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UPMC Physician: Plastic Surgery Supports Physical, Mental Healing

UPMC Physician: Plastic Surgery Supports Physical, Mental Healing

by Amitabha Mitra, MD, MBBS, FRCS, FACS
 | Plastic & Reconstructive Surgery, UPMC - October 13, 2021

Common perception is that plastic surgery is cosmetic procedures to improve patients’ appearance, but in fact it is possibly one of the most diverse specialties. While plastic surgery started as a specialty for restoration and reconstruction of defects and damaged body tissue, it’s now used for traumatic defects by injuries, burn, congenital defects like cleft lip and palate, and restorative treatment in cancer survivorship. It’s not just about restoring appearance, a patient can also regain mobility or functionality, and find peace of mind with a reconstructive procedure.

Situations in Which Reconstructive Plastic Surgery is Considered

Trauma centers treat patients for a variety of reasons. They may have been in a major car accident, could have been burnt severely, experienced a gunshot wound, or taken a bad fall at home. In each of these scenarios, it’s unfortunately likely that your body may experience a physical change that will not heal on its own. Plastic surgery could help the healing of injuries involving tendons, nerves, soft tissues, or bones with replantation or revascularization.

After a battle with cancer, patients may want to seek out a way to feel like themselves again. This could include breast reconstruction, head and neck restoration, excisional surgery for skin cancer, or other treatments for other extremities that have been affected by cancer. Many other diseases or infections can also contribute to the choice of exploring plastic surgery options.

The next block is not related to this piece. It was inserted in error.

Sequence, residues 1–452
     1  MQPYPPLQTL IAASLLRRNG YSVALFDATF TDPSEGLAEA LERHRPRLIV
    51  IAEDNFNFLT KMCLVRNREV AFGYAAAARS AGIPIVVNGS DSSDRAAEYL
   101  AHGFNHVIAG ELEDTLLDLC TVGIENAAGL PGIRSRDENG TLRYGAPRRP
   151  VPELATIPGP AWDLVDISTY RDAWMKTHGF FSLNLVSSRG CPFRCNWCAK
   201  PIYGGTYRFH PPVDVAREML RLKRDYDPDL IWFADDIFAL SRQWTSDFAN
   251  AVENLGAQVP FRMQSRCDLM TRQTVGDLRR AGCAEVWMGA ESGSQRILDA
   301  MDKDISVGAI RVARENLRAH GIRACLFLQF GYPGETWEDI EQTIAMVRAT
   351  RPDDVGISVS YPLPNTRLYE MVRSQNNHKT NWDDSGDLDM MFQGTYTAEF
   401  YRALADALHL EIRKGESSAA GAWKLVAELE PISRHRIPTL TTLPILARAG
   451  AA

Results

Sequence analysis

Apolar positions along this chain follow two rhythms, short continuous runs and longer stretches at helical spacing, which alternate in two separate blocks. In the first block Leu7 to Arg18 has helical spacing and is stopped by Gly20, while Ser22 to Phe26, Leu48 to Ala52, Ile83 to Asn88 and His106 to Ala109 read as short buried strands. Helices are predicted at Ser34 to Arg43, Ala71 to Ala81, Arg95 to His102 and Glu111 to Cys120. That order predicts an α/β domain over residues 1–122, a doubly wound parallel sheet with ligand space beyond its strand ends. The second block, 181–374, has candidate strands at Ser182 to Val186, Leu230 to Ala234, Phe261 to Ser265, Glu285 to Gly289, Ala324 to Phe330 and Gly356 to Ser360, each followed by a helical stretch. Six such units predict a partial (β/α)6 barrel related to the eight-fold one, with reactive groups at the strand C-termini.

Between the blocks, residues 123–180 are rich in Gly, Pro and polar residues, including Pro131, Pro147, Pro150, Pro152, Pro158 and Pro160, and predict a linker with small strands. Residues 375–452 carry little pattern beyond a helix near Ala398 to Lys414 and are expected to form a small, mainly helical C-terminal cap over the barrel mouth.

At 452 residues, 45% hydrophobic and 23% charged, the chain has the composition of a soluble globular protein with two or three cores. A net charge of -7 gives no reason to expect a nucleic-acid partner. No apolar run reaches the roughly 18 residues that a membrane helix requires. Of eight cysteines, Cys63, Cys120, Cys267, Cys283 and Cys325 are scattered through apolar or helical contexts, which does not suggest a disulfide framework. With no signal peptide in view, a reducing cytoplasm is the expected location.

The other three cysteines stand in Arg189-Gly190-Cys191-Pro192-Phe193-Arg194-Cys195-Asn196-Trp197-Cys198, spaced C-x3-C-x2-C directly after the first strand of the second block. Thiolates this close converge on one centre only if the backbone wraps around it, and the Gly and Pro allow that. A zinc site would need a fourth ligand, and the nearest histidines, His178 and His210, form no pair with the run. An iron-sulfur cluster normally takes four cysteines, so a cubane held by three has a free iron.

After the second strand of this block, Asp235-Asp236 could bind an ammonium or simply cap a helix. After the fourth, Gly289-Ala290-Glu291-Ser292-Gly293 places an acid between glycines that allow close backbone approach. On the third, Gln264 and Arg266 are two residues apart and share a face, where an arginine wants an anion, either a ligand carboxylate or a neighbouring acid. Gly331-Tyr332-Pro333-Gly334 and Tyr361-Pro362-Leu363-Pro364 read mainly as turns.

Plastic surgery can help those with birth defects such as cleft lips and palates or hand deformities. Early intervention can help combat issues that occur due to these irregularities. These issues could include speech development, infections, and overall progress and growth.

Other health issues that develop over time include carpal tunnel syndrome, cubital syndrome, or tarsal tunnel syndrome. Plastic surgery can help grant relief by managing entrapped nerves.

Preparing for Your Consultation

Like any other doctor’s visit, you should have the necessary paperwork ready for a consultation with a plastic surgeon. This would include your insurance card, medical history information, and any medication that you are taking. Additionally for this type of appointment, you should have the contact information of the physician that referred you, any necessary insurance referrals, or if you have a claim number and contact information for any workers compensation, auto, or personal injury case.

During your appointment, a plastic surgeon will examine you and your medical history. The physician will go over the risks and benefits of your personal treatment plan and any concerns that you might have. At this time, the physician may need to take pictures for insurance purposes and a date for surgery may be set. Your care team will coordinate the logistics for your surgery and any additional tests or blood work if needed.

Mental Health

Physical scars aren’t the only reminders of past trauma; your mental health can also be affected. Plastic surgery in some cases has been found to help alleviate part of this psychological trauma. As one’s view of their physical image increases in positivity, the psychological stress decreases.
There is no right or wrong answer to what you should do after experiencing trauma. Whatever you decide, your health care team will support you with compassion and the best possible treatment available.

Amitabha Mitra, MD, is a surgeon with UPMC Plastic & Reconstructive Surgery and sees patients at 1100 Grampian Blvd., Williamsport. To schedule an appointment with Dr. Mitra, call 570-326-8005. For more information, visit UPMC.com/Plastics-ReconstructiveNPCA.

Credits:

Writing: Amitabha Mitra, MD, MBBS, FRCS, FACS
 | Plastic & Reconstructive Surgery, UPMC

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